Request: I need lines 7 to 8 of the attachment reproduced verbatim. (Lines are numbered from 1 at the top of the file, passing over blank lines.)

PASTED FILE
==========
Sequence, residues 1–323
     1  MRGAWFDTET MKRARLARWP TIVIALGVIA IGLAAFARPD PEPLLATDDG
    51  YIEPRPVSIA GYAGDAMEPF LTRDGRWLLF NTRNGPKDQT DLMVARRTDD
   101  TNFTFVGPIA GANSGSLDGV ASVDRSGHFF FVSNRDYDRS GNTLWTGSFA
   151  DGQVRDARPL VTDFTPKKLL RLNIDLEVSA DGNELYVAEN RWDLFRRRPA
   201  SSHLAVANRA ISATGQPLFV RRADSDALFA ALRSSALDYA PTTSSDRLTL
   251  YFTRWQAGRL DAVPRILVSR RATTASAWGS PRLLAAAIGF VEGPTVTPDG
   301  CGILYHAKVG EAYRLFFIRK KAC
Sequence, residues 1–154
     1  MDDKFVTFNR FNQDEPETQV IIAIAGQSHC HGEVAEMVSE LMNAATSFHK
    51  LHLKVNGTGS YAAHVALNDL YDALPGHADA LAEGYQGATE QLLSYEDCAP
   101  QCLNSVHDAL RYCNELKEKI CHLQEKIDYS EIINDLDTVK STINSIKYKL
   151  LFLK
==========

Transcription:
   251  YFTRWQAGRL DAVPRILVSR RATTASAWGS PRLLAAAIGF VEGPTVTPDG
   301  CGILYHAKVG EAYRLFFIRK KAC